interconnections 506, 556 for each memory buffer components 503, 512. In some embodiments, the first and second interconnections 506, 556 can include socketed attachment to the respective circuit boards. Alternatively, other arrangements of interconnections may be possible, such as directly bonded attachments or the like. The memory buffer component 512 is coupled to interconnections to the DRAM stacks 501 , such as illustrated by link 524 between the memory buffer component 512 and one of the DRAM stacks 501; the link 524 is labeled as LINK-C. The memory buffer component 503 is a buffer component (Buffer-AB) between two links, namely LINK- A and LFNK-B. The memory buffer component 5 2 is a buffer component (Buffer-BC) between two links, namely LFNK-B and LINK-C, In one embodiment, an interconnection is coupled between a memory subsystem and a processor and the interconnection includes at least one link upon which a signal is carried. The interconnection may include an insulating substrate and the at least one link includes a first conductive trace disposed on the insulating substrate and a second conductive trace disposed on the insulating substrate. The two conductive traces can form a link. Alternatively, the interconnection may include a pair of conductors to form a single link. A cooling assembly may be coupled to the interconnection to thermally clamp the interconnection to the second cryogenic temperature domain. There may be a transition region (a third segment) in which the conductor's temperature is changing.

[0034] In the depicted embodiment, as illustrated in the expanded view 522 of a segment of the first interconnection 506 and a segment of the second interconnection 556, the second

interconnection 556 includes multiple conductors 521 disposed on an insulating substrate 523. The conductors 521 can be conductive traces printed on the insulating substrate 523 or wires embedded within the insulating substrate 523. In some cases, the a pair of the conductors 521 forms a link and the interconnection 556 includes multiple links, including links for data signals and links for control signals. In one implementation, the second interconnection 556 includes 10 links. For example, the links may cany write data and control/command/address information, read data and status information, or both. Alternatively, other arrangements are possible. It should also be noted that the links may be unidirectional links or bi-directional links. The links can operate with various data rates (e.g., 3-5 Gb/s). Alternatively, other data rates may be used for the links.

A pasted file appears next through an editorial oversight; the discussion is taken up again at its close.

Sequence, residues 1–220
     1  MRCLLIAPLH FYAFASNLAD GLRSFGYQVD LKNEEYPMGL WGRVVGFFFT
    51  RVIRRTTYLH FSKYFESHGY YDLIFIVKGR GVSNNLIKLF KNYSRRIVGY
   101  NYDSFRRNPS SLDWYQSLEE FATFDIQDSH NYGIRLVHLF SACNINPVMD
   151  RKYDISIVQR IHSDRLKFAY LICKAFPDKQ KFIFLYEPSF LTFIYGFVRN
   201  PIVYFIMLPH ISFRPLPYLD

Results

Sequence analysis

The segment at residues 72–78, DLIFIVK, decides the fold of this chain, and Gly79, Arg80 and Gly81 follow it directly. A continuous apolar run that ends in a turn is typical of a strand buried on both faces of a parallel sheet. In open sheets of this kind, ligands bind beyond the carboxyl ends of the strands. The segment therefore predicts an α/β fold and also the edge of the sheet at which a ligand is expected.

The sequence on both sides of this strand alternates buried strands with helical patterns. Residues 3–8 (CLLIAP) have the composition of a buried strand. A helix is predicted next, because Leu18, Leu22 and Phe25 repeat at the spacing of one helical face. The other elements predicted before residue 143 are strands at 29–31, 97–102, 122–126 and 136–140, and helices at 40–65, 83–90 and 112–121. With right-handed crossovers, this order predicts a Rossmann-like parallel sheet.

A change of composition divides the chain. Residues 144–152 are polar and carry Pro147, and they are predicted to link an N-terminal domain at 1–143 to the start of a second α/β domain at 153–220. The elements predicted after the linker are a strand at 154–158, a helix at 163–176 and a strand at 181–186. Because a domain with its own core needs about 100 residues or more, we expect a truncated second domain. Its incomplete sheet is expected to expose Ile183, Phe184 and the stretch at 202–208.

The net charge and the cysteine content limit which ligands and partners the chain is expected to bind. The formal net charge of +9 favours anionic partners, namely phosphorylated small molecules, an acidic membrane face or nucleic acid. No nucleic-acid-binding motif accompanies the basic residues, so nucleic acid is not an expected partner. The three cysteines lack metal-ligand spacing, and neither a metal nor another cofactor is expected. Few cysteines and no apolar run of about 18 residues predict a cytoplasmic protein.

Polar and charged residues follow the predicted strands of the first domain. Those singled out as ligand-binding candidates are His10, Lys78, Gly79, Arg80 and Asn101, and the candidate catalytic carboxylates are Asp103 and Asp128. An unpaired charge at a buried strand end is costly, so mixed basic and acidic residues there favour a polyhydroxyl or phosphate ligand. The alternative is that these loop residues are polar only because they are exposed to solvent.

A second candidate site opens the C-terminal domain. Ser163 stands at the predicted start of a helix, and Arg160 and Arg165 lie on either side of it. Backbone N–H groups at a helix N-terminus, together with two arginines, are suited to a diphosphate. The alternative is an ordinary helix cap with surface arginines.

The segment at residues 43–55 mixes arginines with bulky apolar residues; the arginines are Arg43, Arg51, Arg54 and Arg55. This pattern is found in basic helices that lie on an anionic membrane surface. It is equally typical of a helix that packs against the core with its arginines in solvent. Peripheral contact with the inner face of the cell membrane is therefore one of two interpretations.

[0035] As described herein, since the DRAM stacks 501 are located in a first temperature domain 508 (e.g., 273 K), the memory buffer components 503 are located in a second temperature domain 510 (e.g., 77K), and the integrated circuits 529 are located in a third temperature domain 514 (e.g., 4K), the second interconnection 556 straddles the two temperature domains with one segment being in the first temperature domain 508 and another segment being in the second temperature domain 510 that is lower than the first temperature domain 508 and the first interconnection 506 straddles the two temperature domains with one segment being in the second temperature domain 510 and another segment being in the third temperature domain 514 that is lower than the second temperature domain 510.

[0036] As described above, in a cryogenic digital system, processing components can be located in a cryogenic temperature like 4 to achieve better energy per operation. In some cases, the processing components in 4K, such as SFQ/JJ circuits, can be used for energy-efficient processing cores (also referred to as 4K processors) that achieve 100 to 1000 times (100-lOOOx) better energy per operation than processing components in non-cryogenic temperatures. In the cryogenic digital system 500 in FIG. 5, standard CMOS DRAM memory components can be used for the memory components 501 since the first temperature domain 508 is close to room temperatures (e.g., 298K). The first temperature domain 508 may correspond to a normal commercial operating temperature range of the DRAM: component. As an example, server memory is specified to a commercial temperature grade from 0°C to 85°C and is often operated in an air cooled environment with a well-controlled temperature around 50°C, while memory for more aigged applications is specified to an industrial temperature grade from -40°C to 95°C and its actual operating temperature can fall anywhere in this range. Also, in the cryogenic digital system 500 in FIG. 5, standard storage-class memory (SCM) components can be used, as the first temperature domain 508 is close to room temperatures. The CMOS DRAM memory components (or SCM components) of DRAM stacks 501 may not need modifications to adjust threshold voltages (Vr). Thus, standard, unmodified CMOS DRAM components may be used in this design. . The signals on the interconnection 506 (LINK- A) may have very small voltage swings, such as voltage swings in the order of a few millivolts. Consequently, the signal integrity of LINK- A channel may still be optimal for receiving low-voltage swing signals.